Adult outcomes of childhood and adolescent depression.
The study was based on the clinical data summaries ("item
sheets") of children who attended the Maudsley Hospital during
the late 1960s and early 1970s. These summaries were used to
identify a group of 80 child and adolescent psychiatric patients
with an operationally defined depressive syndrome. The depressed
children were individually matched with 80 non-depressed
psychiatric controls on demographic variables and non-depressive
childhood symptoms by a computer algorithm. At follow-up, on
average 18 years after the initial contact, information was
obtained on the adult psychiatric status of 82% of the total
sample. Adult assessments were made "blind" to case/control
status, and included standardized measures of "lifetime"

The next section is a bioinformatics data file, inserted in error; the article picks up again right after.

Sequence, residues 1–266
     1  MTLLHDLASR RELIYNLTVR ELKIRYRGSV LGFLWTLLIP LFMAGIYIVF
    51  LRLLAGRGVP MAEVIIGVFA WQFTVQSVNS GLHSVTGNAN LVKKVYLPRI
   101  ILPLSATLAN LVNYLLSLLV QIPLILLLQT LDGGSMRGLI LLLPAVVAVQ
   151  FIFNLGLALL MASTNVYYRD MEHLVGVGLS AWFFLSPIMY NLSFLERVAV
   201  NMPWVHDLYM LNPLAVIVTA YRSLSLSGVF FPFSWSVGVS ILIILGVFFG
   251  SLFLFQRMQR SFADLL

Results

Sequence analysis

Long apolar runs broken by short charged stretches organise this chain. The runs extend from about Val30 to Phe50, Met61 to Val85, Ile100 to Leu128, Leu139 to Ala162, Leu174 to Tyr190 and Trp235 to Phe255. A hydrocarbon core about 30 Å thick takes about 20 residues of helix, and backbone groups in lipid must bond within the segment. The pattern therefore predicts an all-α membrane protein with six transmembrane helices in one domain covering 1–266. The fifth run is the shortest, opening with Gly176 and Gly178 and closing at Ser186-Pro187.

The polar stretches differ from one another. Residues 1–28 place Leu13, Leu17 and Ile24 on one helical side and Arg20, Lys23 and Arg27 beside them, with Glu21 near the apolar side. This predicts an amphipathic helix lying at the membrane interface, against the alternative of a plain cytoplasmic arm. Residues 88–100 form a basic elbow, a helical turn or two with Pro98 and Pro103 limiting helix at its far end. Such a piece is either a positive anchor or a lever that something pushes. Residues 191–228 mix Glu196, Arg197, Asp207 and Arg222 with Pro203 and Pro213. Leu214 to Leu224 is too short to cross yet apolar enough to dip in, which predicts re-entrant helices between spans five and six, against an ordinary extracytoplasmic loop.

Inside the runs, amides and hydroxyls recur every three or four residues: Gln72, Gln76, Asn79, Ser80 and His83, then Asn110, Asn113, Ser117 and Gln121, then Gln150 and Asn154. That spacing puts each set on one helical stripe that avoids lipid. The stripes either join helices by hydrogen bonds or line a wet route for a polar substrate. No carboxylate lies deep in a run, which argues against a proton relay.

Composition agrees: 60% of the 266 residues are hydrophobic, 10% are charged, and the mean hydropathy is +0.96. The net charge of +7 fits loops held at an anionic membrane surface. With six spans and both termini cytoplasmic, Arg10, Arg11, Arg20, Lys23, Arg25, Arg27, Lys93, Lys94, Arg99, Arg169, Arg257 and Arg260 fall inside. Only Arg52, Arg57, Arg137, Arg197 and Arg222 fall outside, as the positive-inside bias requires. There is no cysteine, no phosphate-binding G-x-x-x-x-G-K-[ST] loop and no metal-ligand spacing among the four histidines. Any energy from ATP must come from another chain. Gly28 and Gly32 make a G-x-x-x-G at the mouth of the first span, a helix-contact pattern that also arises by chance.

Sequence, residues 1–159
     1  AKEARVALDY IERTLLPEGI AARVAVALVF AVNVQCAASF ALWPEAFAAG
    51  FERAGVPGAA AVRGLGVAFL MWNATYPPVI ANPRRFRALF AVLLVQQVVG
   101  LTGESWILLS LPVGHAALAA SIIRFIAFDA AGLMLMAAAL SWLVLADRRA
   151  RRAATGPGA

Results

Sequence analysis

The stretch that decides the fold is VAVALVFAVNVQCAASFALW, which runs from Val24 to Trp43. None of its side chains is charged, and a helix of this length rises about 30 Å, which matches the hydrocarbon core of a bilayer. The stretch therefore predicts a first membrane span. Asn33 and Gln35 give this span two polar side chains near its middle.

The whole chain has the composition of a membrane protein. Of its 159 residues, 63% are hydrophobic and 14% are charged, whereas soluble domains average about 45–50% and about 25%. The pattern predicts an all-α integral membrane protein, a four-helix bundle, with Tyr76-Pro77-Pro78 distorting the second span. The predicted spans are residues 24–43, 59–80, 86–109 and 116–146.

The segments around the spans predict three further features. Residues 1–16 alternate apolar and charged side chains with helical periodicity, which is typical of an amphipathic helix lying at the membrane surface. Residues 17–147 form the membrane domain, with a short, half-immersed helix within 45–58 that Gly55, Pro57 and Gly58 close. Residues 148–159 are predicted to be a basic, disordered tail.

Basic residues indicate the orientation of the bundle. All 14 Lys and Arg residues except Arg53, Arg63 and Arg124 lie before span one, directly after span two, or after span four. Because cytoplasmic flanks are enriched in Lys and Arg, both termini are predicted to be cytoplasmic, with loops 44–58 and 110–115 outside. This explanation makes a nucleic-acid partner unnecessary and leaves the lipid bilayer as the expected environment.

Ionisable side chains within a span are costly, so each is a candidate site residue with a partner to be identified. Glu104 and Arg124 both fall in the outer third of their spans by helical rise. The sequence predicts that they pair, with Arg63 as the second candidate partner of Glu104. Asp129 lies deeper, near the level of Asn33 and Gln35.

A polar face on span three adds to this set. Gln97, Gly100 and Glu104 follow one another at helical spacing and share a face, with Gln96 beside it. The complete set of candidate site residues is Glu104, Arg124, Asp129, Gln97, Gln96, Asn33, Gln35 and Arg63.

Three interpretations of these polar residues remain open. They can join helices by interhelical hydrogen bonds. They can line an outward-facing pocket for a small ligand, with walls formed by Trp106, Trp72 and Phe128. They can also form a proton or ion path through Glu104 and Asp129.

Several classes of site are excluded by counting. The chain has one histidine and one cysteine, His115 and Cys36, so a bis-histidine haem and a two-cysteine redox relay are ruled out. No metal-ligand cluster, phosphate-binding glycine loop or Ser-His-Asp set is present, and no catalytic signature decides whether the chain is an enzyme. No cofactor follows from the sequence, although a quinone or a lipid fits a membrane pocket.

psychiatric disorder and psychosocial functioning. The depressed
group was at increased risk for affective disorder in adult life,
and had elevated risks of psychiatric hospitalization and
psychiatric treatment. Depressed children were no more likely
than control children to have non-depressive adult psychiatric
disorders. These findings suggest that there is substantial
specificity in the continuity of affective disturbances between
childhood and adult life.